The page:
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. Last Updated: 07/27/2016

Chinese Scare Sends Market Into a Tailspin

An unforeseen trigger from China sent emerging markets into a tailspin this week, revealing the frailty of Russia's growth and the fallibility of its forecasters.

As of Wednesday's close, the RTS had lost 6.6 percent and the MICEX was down 7.1 percent, in both cases the biggest falls in five months.

The RTS was dragged down by losses for blue chips Sberbank (5.8 percent), Gazprom (7.5 percent), LUKoil (6.4 percent) and Unified Energy Systems (8.5 percent).

Moscow banks Monday morning had sent out market notes with bullish forecasts. Many argued that an oil price recovery and signs of growth in the metals sector would push the RTS index above the milestone of 2,000 points this week.

They were wrong.

Their logic in hindsight was somewhat scattered, but the consensus placed initial blame for the downturn on Chinese officials, who were reportedly planning steps to cool off their overvalued market. This led to a 9 percent drop on the exchange in Shanghai, which portfolio investors lump together with Moscow in the emerging markets category. A global sell-off of these risky markets ensued.

The panic spread on Monday to the United States, fanned by signs of a recession. Sales of U.S. durable goods, such as cars and heavy machinery, were much lower than expected, with the headline rate down almost 8 percent.

Former Federal Reserve chairman Alan Greenspan weighed in on Monday, saying the U.S. economy looks to be headed toward recession this year, and investors seemed to believe him.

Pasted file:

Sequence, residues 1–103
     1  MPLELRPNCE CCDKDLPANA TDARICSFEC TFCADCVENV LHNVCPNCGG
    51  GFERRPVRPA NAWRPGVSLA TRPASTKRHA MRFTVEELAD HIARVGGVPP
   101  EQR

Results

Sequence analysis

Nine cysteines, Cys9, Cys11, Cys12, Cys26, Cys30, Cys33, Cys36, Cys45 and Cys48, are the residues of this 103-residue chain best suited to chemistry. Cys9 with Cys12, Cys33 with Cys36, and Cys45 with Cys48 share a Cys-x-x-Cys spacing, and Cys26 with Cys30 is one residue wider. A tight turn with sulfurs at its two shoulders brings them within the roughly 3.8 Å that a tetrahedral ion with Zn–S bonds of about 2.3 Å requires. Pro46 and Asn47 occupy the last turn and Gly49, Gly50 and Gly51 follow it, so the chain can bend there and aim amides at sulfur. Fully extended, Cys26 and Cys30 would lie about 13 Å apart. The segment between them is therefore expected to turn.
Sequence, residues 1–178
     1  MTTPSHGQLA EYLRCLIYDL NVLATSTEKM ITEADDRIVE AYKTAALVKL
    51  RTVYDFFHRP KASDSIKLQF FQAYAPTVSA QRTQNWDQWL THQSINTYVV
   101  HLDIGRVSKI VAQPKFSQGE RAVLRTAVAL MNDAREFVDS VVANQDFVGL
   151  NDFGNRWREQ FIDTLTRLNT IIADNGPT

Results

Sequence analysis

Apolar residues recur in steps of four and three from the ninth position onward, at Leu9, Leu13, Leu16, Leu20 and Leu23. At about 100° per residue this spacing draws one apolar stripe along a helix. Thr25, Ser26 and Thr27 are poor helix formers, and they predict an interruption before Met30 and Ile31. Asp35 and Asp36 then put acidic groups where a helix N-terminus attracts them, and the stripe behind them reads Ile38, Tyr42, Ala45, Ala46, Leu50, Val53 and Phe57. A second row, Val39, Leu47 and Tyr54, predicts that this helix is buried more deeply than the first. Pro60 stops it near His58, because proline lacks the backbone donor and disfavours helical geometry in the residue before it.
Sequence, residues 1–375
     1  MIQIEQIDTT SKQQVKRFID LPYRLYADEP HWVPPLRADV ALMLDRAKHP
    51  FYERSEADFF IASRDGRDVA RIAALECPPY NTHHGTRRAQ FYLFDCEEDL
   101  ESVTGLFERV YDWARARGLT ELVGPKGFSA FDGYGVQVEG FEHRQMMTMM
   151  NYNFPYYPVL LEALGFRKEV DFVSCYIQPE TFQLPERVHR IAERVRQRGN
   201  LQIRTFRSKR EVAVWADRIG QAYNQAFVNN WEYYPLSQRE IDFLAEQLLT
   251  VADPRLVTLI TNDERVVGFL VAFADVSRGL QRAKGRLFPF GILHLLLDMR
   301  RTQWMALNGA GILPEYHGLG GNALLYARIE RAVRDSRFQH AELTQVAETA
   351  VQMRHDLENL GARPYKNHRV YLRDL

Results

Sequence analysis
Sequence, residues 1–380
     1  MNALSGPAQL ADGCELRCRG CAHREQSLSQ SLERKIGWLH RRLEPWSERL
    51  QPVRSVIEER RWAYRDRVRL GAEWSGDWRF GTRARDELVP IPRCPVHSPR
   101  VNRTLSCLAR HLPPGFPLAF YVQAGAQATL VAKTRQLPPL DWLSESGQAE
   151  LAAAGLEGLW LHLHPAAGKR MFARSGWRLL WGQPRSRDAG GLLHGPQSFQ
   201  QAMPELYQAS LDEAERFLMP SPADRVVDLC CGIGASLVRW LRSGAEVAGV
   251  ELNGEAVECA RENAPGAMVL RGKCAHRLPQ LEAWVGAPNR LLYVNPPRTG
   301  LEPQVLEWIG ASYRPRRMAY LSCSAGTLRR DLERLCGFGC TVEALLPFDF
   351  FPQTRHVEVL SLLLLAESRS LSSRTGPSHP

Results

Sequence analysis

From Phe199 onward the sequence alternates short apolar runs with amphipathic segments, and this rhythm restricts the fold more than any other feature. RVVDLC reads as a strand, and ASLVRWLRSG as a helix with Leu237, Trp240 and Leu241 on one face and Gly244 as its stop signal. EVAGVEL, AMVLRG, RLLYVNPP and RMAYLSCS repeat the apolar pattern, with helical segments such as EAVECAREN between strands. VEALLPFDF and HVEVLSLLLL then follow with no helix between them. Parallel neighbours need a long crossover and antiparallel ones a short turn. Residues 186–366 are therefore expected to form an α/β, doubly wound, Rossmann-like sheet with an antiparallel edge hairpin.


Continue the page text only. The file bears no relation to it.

"Greenspan couldn't have picked a worse time," said Alfa Bank strategist Erik De Poy.

In the first two days of this week, the Nasdaq Composite Index dropped by 4.2 percent and the S&P 500 by 4.5 percent. The Dow Jones Industrial Average fell 3.3 percent Tuesday -- its worst daily fall since Sept. 17, 2001, when the exchange had a torrid reopening after the terrorist attacks on New York and Washington.

De Poy said these U.S. trends would determine the fate of Russian markets and could continue to drag them down if they continue.

Renaissance Capital analyst Ovanes Oganisian said the liquidity on global markets, including in the United States and Japan, would make the difference.

"It is a very important moment for investors to understand that if liquidity will be limited it will directly affect various sectors in many countries," Oganisian said.

But De Poy and Oganisian agreed that the reasons for the slide were "psychological," and did not represent a fundamental overheating of emerging markets.

Oil and gas prices tend to either buffer or exacerbate the volatility on foreign markets. If this correction leads to a slowdown in the Chinese economy, oil prices are likely to fall, dragging Russia's biggest blue chips down, Alfa Bank said in a note to investors.

Gold this week has been among the hardest-hit commodities, paradoxically, because it is a favorite haven in times of crisis. The fact that it dropped -- about 3 percent Monday in New York for April delivery -- testifies to how much money people are losing, as they are forced to sell off their safest bets to settle their trading elsewhere.